Support groups tell of mental health pressures on young people in Suffolk
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People involved in mental health support in Suffolk have spoken of their concern over pressures facing young people.
The comments come after it was confirmed the body of a 17-year-old boy had been found in the River Orwell on Tuesday morning. Police had earlier received reports concerning the safety of a person seen on the Orwell Bridge.
The tragic news comes after a 16-year-old boy died in March, after falling from the railway viaduct in Spring Road, Ipswich.
The circumstances around both cases are unknown, and inquests will be held in due course.
Last night, support organisations said the news was devastating.
Bec Jasper, co-director of the Suffolk-based support organisation Parents and Carers Together (PACT) said: "On behalf of PACT, we send our deepest and most sincere condolences to this young man and his family and friends. We are truly devastated for this family."
Commenting generally on the issue of mental health, Mrs Jasper said the pressures young people are under today should never be underestimated.
"It is everyone's responsibility to make sure we know the signs and symptoms of poor mental health, listen non-judgementally, show kindness and provide appropriate and timely support when people reach out.
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Nancy Merford, of Suffolk Young People's Health Project (4YP), said: "While the pandemic has been difficult and many people have experienced new stresses and anxieties, it has served to highlight the need for prevention work and easy access to mental health support services."
She added that uncertainty about exams, college and university courses had led to stress and anxiety for many young people, on top of the isolation of lockdown.
Everett O'Donoghue, Suffolk's young people’s mental health champion, said: "Covid and lockdown have added to pressure on young people, especially those who already had mental health issues before the pandemic."
Last week, it was revealed there has been an increasing number of young people in Suffolk seeking mental health support as the impact of the coronavirus lockdown takes its toll.
The rise in demand for youth mental health support was one of the issues revealed during Welcome Back to Wellbeing, a one-day event held by the EADT and Ipswich Star, which brought together health professionals, support services and those who have experience of mental health challenges.
The Norfolk and Suffolk NHS Foundation Trust (NSFT) advises, if you notice changes in your child’s mood, thinking patterns or behaviour, it is important to seek help and advice from your GP immediately, and if you think your child may be in mental health crisis you can contact the First Response helpline.
Those in need of help can contact the following local and national services below:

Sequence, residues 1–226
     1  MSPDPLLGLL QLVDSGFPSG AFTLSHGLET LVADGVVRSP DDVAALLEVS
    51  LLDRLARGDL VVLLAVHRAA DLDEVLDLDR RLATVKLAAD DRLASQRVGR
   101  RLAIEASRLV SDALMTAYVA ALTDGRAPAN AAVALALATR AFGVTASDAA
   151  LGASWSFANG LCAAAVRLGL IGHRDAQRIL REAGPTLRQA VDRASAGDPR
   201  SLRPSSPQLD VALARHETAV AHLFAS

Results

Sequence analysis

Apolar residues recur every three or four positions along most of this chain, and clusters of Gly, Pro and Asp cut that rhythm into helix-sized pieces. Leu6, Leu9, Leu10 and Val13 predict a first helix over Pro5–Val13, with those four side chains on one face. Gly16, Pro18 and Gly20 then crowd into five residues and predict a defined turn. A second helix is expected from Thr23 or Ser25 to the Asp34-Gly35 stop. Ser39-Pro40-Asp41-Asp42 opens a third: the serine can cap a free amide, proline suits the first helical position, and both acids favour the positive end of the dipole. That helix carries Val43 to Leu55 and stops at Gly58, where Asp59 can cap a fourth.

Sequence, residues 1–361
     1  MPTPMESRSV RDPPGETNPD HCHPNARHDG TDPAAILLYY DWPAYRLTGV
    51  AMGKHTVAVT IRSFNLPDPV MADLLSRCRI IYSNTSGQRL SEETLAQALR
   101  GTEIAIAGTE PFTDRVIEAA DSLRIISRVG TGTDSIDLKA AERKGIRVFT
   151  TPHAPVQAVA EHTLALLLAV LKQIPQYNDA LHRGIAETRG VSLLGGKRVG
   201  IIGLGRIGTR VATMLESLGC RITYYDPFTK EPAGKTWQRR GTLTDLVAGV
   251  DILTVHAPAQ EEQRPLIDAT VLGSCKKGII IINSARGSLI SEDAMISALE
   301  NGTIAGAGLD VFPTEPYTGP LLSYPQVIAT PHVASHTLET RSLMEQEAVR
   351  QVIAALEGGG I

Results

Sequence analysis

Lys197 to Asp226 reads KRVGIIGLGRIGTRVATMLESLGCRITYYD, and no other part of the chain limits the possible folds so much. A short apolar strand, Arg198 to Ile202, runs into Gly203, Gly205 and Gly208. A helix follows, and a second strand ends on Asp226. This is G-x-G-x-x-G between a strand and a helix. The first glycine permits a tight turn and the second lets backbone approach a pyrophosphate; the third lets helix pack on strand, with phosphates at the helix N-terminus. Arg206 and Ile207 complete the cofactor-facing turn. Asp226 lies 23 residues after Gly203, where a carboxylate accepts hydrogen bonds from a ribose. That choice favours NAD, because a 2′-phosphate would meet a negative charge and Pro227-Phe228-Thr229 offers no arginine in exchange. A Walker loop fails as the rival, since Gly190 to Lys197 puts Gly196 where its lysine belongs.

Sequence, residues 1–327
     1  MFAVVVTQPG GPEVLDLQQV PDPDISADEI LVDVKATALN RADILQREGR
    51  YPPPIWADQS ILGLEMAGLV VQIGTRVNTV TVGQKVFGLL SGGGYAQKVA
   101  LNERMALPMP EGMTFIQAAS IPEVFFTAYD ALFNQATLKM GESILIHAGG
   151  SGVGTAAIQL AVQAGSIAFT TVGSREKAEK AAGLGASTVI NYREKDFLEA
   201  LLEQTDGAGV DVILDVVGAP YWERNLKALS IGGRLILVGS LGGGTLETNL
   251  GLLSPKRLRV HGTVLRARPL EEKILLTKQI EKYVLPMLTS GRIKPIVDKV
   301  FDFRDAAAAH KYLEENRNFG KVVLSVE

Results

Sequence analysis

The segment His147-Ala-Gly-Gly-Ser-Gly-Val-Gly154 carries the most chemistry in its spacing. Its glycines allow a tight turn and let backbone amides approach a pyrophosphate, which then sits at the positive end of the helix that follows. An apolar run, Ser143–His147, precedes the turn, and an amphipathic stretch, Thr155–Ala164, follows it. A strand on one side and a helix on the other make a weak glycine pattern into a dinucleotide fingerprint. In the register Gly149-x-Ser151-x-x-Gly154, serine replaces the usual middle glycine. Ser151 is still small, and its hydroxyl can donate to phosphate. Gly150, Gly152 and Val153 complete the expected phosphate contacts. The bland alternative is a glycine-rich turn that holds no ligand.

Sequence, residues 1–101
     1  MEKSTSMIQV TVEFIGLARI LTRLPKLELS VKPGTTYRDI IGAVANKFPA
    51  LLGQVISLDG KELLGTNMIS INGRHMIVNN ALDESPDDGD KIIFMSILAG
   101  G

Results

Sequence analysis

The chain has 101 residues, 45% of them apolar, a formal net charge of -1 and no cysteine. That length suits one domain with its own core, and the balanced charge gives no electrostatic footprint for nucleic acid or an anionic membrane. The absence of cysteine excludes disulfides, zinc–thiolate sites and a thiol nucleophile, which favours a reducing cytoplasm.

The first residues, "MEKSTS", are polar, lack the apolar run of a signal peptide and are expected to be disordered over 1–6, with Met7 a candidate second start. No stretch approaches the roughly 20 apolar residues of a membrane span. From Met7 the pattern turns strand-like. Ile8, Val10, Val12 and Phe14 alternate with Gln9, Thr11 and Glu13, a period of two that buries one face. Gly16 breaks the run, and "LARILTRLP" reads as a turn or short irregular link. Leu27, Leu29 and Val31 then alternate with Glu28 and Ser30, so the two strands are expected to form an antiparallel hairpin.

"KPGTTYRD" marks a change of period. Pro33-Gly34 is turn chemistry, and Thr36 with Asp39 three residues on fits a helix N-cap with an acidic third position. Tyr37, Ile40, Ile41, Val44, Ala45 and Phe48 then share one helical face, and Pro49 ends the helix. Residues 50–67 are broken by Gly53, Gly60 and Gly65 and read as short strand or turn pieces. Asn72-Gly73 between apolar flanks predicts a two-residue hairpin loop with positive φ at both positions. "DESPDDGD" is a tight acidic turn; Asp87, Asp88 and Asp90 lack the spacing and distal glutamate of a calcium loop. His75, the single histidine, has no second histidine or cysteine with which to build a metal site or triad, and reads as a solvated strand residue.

Call 0808 196 3494 to speak to someone on the 24-hour mental health crisis line. The line offers immediate advice and support for people with mental health difficulties of any age. If anyone is at serious risk of harm, call 999 and ask for the police. For non-life threatening medical situations, call NHS111 on 111.
NSFT Wellbeing service
Wellbeing Suffolk offers help and support to improve people's wellbeing and manage stress, low mood and anxiety. Call 0300 123 1503, 9am-5pm, or visit the service's website.
Children and Young People's Emotional Wellbeing Hub
The Emotional Wellbeing Hub provides information, advice, and guidance if you are worried about the mental health of a child or young person aged 0-25 years, or you're a young person experiencing emotional wellbeing difficulties. Visit the website.
Parents and Carers Together (PACT)
This Suffolk-based organisation offers free, confidential support, including information and advice for any parent/carer worried about the emotions, behaviour or mental health of a child or young person. Call the Supportline, 07856 038799 (not 24/7) or visit the website.
The ACE Project
Supporting young people in Suffolk to Achieve, Connect and Enjoy for Wellbeing.
Call 07413381461 or visit the website.
Every day, Samaritans responds to around 10,000 calls for help.
Call free 116 123, or visit the website.
The StayAlive app is a suicide prevention resource for the UK, packed full of useful information and tools to help you stay safe in crisis.
Download the StayAlive
app from the App Store or Google Play, or you can also visit the website.
A free online counselling and emotional wellbeing support service for young people. Visit the Kooth website.https://www.kooth.com/
Suffolk Mind provides support and information for everyone on anything from wellbeing to ‘severe and enduring’ mental ill-health.
Suffolk Parent Carer Network
A voluntary organisation of parents and carers of children and young people with additional needs and/or disabilities in Suffolk. Visit the website here.
Suffolk Young People's Health Project (4YP)
A local charity which works with young people aged 12 to 25.